TORONTO – A decision by Tim Hortons and Burger King to serve only cage-free eggs by 2025 is shining a spotlight on how the breakfast staple makes it from farm to plate.
While the transition is nearly a decade away, Egg Farmers Canada says that’s because it will take time.
More than 90 per cent of the country’s roughly 1,000 registered commercial egg-producing farms keep their hens in conventional housing, said Peter Clarke, the chairman of Egg Farmers Canada.
“It isn’t just like turning a light switch on and off,” he said. “It takes a significant amount of time to be able to do that.”
The average farm has between 10,000 and 20,000 hens. Some only house several hundred and others as many as 400,000 hens.
Here’s a more in-depth look at how eggs are sourced in Canada:
The wire-floor cages house about four to seven hens, said Debra Probert, the Vancouver Humane Society’s executive director. They give each chicken the living space of about a standard piece of paper measuring 8.5 inches by 11 inches.
Probert estimates 95 per cent of Canada’s egg producers operate use battery cages.
Battery cages are “more convenient for the farmer than it is, obviously, for the hens,” she said.
These cages are larger, housing dozens of hens, said Tina Widowski, an animal and poultry science professor at the University of Guelph who holds the research chair in poultry welfare at Egg Farmers of Canada. The cages provide perches and somewhat private nesting areas.
She said enriched cages give chickens more space, allowing them to exhibit natural behaviours like dust bathing, perching and laying eggs in private.
Clarke said he prefers this type of hen housing because it also protects the health of farmers, as it exposes them to less dust and ammonia.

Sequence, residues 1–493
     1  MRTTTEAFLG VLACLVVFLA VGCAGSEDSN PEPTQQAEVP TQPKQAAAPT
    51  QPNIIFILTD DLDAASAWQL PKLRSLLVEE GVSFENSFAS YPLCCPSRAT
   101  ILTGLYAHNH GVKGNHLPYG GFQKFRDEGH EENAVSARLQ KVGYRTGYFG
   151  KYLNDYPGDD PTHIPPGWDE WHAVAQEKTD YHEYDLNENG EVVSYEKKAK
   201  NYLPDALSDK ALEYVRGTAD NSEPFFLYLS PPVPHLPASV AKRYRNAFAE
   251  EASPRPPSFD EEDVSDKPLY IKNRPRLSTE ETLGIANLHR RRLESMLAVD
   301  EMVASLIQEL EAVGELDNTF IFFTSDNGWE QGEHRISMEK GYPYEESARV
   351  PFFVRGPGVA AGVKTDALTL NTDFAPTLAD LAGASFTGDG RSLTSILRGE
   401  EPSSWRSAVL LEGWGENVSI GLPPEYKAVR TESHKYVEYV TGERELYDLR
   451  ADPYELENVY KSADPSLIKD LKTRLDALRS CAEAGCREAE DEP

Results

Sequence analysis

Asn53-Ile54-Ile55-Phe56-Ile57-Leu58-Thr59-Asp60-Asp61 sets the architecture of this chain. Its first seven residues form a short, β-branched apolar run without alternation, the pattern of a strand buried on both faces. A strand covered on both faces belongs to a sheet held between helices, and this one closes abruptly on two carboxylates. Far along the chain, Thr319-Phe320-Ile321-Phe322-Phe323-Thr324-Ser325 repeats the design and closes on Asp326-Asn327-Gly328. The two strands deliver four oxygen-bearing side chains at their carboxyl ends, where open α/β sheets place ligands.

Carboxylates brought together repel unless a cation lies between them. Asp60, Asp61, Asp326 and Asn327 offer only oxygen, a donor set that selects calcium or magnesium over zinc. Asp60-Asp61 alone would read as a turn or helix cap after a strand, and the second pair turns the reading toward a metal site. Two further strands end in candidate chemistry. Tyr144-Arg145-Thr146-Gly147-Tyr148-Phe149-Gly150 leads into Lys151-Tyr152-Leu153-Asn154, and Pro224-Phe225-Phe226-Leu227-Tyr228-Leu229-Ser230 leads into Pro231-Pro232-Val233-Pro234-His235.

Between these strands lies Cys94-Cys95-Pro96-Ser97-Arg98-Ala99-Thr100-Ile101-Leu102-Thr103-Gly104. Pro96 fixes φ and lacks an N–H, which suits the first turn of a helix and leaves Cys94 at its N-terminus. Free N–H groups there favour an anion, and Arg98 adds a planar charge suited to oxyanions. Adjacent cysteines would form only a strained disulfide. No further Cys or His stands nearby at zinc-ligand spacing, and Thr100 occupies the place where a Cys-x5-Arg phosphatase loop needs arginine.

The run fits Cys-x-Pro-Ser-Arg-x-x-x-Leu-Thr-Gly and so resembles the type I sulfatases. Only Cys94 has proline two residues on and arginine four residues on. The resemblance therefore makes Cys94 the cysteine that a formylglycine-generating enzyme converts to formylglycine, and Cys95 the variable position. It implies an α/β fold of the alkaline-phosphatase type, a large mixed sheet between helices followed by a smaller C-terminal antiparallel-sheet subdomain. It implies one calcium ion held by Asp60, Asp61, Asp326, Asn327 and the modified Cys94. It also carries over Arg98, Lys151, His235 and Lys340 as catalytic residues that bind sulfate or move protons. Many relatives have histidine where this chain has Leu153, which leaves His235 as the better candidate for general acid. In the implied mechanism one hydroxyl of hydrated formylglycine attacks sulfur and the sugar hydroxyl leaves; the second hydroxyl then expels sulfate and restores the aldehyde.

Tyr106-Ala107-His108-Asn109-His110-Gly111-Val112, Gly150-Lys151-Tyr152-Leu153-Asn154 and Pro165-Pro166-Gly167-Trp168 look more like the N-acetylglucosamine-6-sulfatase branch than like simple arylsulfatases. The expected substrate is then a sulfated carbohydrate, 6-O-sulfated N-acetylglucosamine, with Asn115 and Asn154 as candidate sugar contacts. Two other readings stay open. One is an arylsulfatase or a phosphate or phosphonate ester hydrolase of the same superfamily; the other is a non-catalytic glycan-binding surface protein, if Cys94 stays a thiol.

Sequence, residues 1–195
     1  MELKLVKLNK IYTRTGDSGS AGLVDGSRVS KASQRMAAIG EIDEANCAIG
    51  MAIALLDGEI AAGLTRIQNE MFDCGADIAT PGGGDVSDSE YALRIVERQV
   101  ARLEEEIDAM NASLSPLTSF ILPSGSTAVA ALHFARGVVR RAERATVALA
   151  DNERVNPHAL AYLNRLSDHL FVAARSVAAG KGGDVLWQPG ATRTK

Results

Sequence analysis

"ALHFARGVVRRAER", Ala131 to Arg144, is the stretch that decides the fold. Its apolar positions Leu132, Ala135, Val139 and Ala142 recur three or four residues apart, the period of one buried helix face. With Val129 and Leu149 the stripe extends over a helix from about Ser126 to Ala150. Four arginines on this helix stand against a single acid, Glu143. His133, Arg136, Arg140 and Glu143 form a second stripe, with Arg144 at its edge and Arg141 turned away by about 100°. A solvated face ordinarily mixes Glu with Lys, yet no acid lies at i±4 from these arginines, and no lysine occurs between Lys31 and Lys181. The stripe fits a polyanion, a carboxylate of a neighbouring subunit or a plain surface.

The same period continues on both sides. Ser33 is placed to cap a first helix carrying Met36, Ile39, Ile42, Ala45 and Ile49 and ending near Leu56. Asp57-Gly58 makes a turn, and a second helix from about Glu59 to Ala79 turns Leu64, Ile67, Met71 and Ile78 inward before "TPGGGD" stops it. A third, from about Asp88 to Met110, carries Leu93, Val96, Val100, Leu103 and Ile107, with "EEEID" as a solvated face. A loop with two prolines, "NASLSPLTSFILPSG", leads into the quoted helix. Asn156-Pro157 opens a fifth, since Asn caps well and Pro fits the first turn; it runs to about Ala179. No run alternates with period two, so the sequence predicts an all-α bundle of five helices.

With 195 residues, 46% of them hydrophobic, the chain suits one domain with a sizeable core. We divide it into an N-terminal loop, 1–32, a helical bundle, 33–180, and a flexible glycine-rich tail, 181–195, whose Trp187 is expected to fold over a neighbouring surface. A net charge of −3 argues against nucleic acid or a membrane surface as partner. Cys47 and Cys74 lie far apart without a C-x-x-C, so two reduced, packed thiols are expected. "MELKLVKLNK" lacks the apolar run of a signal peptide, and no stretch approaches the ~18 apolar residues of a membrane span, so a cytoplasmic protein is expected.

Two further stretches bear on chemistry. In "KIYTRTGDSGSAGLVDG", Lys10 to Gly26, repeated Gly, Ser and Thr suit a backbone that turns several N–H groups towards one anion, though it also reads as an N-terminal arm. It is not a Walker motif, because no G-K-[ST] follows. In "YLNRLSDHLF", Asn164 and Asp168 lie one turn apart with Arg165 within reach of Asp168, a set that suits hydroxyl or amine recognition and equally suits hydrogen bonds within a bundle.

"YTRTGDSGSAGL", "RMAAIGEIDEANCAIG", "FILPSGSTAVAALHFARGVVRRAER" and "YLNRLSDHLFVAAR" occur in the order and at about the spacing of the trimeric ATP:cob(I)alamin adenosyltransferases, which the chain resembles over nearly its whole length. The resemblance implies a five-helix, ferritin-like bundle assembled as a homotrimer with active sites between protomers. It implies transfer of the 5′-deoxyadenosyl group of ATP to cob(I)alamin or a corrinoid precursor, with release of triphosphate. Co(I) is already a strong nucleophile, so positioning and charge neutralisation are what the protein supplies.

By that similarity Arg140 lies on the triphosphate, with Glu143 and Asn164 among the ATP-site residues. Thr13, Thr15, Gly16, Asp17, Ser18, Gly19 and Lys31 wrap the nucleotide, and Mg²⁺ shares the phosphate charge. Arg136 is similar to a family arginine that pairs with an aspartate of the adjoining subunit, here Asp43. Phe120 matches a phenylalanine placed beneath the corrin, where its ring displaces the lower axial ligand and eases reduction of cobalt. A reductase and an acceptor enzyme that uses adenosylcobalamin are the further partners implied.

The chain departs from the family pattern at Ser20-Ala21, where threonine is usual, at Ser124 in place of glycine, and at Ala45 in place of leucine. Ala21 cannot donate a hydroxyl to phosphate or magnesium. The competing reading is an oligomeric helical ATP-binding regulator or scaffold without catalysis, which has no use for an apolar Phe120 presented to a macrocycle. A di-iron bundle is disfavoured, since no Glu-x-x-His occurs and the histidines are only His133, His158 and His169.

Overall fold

A&W, a notable standout from its competitors, has committed to source all its eggs from hens in enriched cages by the close of the year, much to the dismay of animal rights groups pushing for a cage-free industry.
Farmers are under growing pressure to shift to this type of housing as more companies promise to provide eggs from hens that don’t live in cages. But that doesn’t necessarily mean that hens will suddenly be meandering outside as they please.
“We’re not saying that definitely that cage-free is cruelty-free,” Probert said. “It’s not.”
Cage-free hens may live in a free-run system, housed in an aviary in a barn without access to the outside world, she said.
Clarke and Widowski say cage-free living conditions have some trade-offs. They can poorly impact chicken and farmer health by exposing them to irritants like dust and can cost more to operate.
The other option — what Probert calls “the ideal” — is free-range hens, which are allowed to roam outside. All certified organic eggs in Canada must come from free-range hens.
It’s unclear which cage-free option Tim Hortons, Burger King and other restaurants making such public declarations will source their eggs from. Cage-free never means chickens will go outside, said Widowski, unless they’re producing free-range or certified organic eggs.
Still, Probert calls the incremental change to move hens out of cages a positive step.
“Once they’re out of cages, that makes a huge difference.
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